• I chose to go to university, I supported myself by working and Student Loans

  • I spent as little as I could when others around me were chomping through their cash

  • I chose to do a degree with some value

  • I decided to pay off my student loan as soon as I could

  • I lived with my parents and later in the cheapest rental accommodation I could find

  • I didn't drink (heavily ;)!) and shunned unnecessary consumerism

  • I was as efficient with money as I could be without compromising "living life"

  • I saved as much as I could each year from the time I left uni until the second half of my 20s

  • I used this money to fund a house (circa 2006)

  • I continued to save and overpay my mortgage as much as I could

  • Got married - all bills halved!

  • Partner was also a hard worker and saver, so with double the income and equity and now with a need to upgrade...

  • I sold my first place for 15k profit (so much for HPC advice!)

  • we bought a family house (2009)!

I am a graduate, but not a big earner and never will be (my career ceiling is about 50k and I'm not there yet!), I really do understand that not everyone has the same start in life that I had, but these chats are about people like me, people who did have a shot at education and a relatively stable upbringing. And in these cases I really don't understand what the difference is between me - who now has a 5 bed house in London - and those that seem entirely disillusioned and stuck.

I don't mean to be funny about all this, I just genuinely don't get it. Surely those that wasted the opportunities must know that it was down to choice? Don't get me wrong, I'm not saying we live in a world of wonderful opportunity, but what I am saying is that without putting the work in from day one this was inevitable. Is it, as OP stated, my generation were "sold" a lifestyle by their parents but no one bothered to explain how much that lifestyle would "cost"!

I look at some of my friends who seem to be very hard done by. Yet when I look at the detail:

  • Maybe they weren't all that engaged at school, only realised too late that they missed the only opportunity for an education they'll ever get

  • Went to uni, but picked an "easy" course so that they didn't have to work all that hard or had no choice because they fluffed their A-levels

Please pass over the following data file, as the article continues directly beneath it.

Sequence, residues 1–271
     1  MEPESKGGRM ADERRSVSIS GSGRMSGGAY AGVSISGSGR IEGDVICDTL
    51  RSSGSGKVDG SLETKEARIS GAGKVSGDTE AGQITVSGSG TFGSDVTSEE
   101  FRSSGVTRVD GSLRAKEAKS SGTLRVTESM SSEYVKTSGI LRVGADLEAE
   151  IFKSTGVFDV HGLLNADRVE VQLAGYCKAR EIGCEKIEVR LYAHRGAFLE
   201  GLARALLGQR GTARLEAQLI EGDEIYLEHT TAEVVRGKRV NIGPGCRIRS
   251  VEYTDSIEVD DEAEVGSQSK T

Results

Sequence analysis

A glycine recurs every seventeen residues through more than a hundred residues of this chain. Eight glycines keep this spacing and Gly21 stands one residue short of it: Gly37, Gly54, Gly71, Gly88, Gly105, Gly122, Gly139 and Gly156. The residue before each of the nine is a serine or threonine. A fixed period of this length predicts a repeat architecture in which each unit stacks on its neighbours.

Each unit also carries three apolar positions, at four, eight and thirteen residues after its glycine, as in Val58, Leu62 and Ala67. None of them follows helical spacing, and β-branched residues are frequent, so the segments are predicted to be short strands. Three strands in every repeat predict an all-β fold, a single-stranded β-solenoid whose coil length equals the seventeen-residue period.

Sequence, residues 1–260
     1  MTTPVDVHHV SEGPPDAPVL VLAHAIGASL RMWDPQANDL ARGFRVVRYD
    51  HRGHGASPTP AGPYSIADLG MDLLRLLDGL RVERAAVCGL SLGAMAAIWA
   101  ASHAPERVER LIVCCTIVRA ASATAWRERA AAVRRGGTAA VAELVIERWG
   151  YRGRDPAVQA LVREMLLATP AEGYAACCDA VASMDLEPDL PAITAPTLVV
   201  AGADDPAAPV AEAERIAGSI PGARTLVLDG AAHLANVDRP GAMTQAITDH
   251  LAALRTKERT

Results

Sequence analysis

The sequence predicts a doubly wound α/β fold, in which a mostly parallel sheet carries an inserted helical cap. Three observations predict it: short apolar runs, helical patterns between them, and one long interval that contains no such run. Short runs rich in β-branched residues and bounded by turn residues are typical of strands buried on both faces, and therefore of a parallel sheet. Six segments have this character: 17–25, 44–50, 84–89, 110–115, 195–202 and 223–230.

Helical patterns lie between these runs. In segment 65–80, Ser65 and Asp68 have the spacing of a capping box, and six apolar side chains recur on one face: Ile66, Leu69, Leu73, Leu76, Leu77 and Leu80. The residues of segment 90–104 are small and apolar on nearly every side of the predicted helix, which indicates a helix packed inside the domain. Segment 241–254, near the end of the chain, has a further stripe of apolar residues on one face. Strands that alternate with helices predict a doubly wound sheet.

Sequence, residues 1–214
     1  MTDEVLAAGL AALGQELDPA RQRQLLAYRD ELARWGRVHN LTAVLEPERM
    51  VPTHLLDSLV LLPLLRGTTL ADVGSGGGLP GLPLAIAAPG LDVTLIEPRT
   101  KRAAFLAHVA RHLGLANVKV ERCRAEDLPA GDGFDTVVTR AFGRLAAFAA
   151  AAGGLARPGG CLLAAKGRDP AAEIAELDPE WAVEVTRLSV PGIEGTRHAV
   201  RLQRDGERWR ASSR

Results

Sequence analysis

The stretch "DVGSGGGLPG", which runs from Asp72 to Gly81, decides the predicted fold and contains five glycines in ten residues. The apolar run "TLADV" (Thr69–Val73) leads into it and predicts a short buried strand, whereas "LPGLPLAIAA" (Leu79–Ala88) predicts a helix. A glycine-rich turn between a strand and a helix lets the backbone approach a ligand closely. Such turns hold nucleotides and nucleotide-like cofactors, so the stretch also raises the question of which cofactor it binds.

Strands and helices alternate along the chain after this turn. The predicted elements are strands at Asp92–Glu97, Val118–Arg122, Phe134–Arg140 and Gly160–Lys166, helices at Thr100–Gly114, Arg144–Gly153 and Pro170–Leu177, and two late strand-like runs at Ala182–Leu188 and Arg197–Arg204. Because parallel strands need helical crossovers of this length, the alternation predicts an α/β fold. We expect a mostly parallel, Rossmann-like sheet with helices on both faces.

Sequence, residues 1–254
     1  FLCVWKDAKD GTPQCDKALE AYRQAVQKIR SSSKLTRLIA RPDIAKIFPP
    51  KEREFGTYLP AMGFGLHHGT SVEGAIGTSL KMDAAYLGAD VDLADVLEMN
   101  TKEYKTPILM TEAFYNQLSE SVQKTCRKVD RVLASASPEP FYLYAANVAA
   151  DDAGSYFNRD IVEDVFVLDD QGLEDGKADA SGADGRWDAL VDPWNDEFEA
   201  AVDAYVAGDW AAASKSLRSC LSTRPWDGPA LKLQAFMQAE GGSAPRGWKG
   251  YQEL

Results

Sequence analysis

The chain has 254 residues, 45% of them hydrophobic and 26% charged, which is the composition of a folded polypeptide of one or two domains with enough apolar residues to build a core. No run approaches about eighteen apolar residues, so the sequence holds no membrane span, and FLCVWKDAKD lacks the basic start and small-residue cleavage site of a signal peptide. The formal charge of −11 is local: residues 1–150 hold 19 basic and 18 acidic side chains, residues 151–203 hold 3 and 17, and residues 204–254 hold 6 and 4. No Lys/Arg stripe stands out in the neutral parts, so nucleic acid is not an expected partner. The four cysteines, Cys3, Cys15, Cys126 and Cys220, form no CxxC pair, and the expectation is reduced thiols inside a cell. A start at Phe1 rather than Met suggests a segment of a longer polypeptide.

• Drunk and smoked their way through uni. My sister lived at home whilst at uni in the pre-fees days. Yet still came out with 20k of debt!! Seriously, come on!

  • More interested in socialising at uni than educating, didn't get a 1st (or even a 2:1)

  • I have friends who moved out of their parents into £1000 a month accommodation. I rented a room for £60 a week! That's a deposit right there!

  • I have friends who have smoked since the age of 15. That's also a deposit in some parts of the country!

  • A younger colleague just blew 5k on a "once in a life time" trip. Fair enough, but understand that might impact on the "once in a life time" chance to buy a family house!

I could go on and on. And on. Perhaps you recognise some of those things? They are all valid choices - don't get me wrong - but just don't be surprised by the consequences of these choices. My teachers/parents made it very clear that education was valuable. I used good old fashioned common sense to work out that to afford a house and stay out of debt I had to get working and saving as soon as I was able.

Whatever, some how I managed to get a life together. Sure it meant my 20s were harder than some of my fellow Y'ers, but now I can relax. I should be mortgage free in my 40s and can start to allow some luxuries into my life when some of my peers are taking stock and wondering how they can fund a family. Part of me feels sorry for them but then I remember back to the times I said I couldn't go out because I was saving money, the times they boasted about their new cars when I was catching the bus, the continuous mentions of that trip to New York, or that week in the sun, the jokes about my M&S cardi when in their designer gear etc, etc.